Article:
The “hidden costs” of global food and land use systems are estimated to be US$19.8 trillion per year (Scientific Group of the UN Food Systems Summit, 2021): $7 trillion of environmental costs and $12 trillion of health costs (of which $11 trillion of loss of human life and $1 trillion of economic costs of illness). These costs, including high rates of diet-related chronic disease, the impacts of climate change and unfair wages are not included in prices and profits, and thus ignored by markets. Often, these costs are borne by people who did not have a say: the least advantaged segments of society (frequently smallholder farmers, youth, women, indigenous peoples, people of colour, marginalised communities) and by future generations.
At the same time, the global food system has many hidden benefits that are also not fully reflected in food prices: healthy food is a basic need with many economic and social benefits, and well-functioning food systems allow farmers and workers to earn a decent livelihood.
By creating transparency about the costs and benefits and applying appropriate incentives and disincentives across food systems, we can ensure more sustainable, healthful and fairer food systems in future and create real value for economic growth, society and businesses.
Preparation for the UNFSS has highlighted the urgency for action on these hidden costs and benefits. This action will include developing a new economic basis for decision making – one that accounts for the True Value of Food. This new basis will guide the decisions made by – consumers, businesses, financial institutions, investors and policy-makers towards more positive outcomes for people, the planet and prosperity.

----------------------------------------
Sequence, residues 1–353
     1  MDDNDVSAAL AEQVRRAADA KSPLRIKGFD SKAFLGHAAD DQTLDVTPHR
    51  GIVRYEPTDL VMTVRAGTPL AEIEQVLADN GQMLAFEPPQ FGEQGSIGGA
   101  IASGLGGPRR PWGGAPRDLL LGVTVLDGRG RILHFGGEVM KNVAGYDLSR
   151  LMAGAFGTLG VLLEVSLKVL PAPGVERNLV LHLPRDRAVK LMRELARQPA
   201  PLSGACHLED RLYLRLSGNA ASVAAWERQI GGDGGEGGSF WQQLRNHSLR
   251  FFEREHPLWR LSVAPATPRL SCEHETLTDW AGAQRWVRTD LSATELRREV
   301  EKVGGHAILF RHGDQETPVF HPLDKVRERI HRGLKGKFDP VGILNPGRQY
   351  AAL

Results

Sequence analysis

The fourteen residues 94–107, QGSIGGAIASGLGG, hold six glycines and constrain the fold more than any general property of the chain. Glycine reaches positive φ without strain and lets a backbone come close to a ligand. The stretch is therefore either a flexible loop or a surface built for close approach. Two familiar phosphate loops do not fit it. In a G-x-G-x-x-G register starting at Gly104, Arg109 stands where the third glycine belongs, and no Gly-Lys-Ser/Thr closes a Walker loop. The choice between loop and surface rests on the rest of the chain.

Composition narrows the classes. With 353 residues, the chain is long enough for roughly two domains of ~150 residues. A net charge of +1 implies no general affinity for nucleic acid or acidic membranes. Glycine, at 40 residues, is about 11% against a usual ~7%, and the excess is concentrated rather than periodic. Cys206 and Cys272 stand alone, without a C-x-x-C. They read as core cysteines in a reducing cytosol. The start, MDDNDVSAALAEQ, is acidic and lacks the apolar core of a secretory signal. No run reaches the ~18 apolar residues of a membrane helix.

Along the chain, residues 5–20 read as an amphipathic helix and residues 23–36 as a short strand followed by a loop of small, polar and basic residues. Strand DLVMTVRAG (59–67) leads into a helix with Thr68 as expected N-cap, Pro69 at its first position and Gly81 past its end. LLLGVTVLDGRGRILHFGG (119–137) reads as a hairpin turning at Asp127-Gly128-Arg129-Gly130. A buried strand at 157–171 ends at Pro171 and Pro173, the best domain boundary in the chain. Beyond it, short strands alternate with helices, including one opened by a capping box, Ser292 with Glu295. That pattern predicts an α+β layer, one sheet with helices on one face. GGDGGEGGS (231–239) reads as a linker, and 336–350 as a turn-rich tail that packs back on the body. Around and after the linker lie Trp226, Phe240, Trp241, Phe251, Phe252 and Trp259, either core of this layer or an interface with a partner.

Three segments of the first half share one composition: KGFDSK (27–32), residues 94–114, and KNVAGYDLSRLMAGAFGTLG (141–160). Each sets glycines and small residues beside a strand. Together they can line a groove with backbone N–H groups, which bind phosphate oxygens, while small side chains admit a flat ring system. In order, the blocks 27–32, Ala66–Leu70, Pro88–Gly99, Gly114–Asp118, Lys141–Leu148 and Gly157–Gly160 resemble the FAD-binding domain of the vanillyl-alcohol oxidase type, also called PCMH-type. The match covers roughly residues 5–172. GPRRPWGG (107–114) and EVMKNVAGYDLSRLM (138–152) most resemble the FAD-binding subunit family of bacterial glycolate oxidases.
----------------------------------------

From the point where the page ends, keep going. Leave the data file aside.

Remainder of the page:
This new basis includes three elements:
- True Cost Accounting (TCA) to systematically quantify and value impacts and dependencies across the full agri-food value chain to enable decision-making and policies based on true value.
- True Value business strategies to develop and implement successful business models that create true value for society.
- True pricing policies to internalize the externalities to make healthy and sustainable food more affordable and align market incentives with true value through market-based pathways, regulatory and income policies.
Integrating these elements into national food systems plans and creating a supportive policy environment for the implementation of strategies and actions to protect our people, planet and prosperity will require coordinated action by all food systems stakeholders.
The Initiative on the True Value of Food represents a community of experienced experts who stand ready to support country efforts to consider, trial, implement and evaluate true cost, value and price of food actions and policy change. With the support of a number of UNFSS Leadership Team and Champions (Peter Bakker, Lawrence Haddad, Berry Martin, Ruth Richardson, Maximo Torrero and Joachim von Braun), the Initiative invites food systems expressions of interest from:
- Countries for information, knowledge, tools, examples, capacity building and dialogue on the topic
- Actors who would like to join the three focus areas below
- Stakeholders who would like to engage in the stakeholder groups listed below.
- True costing accounting – Lauren Baker & Salman Hussain
- True value business solutions – Matthew Watkins & Viktoria de Bourbon de Parme
- True pricing policy approaches – Adrian de Groot Ruiz
- Scientific Group & Research: Mario Herrero (environment) & Sheryl Hendriks (health/nutrition)
- Civil Society/Farmers – Andreas Kratz
- Private sector – Suzanne van Tilburg
- Development partners – Roy Steiner
Please reach out to these facilitators to advance this urgent and essential element of the pathway to achieving the SDGs through a more fair, sustainable and healthful food system. You can submit your expression of interest to connect via the Google Form at https://forms.gle/wFMquRkELxHJDzEw5.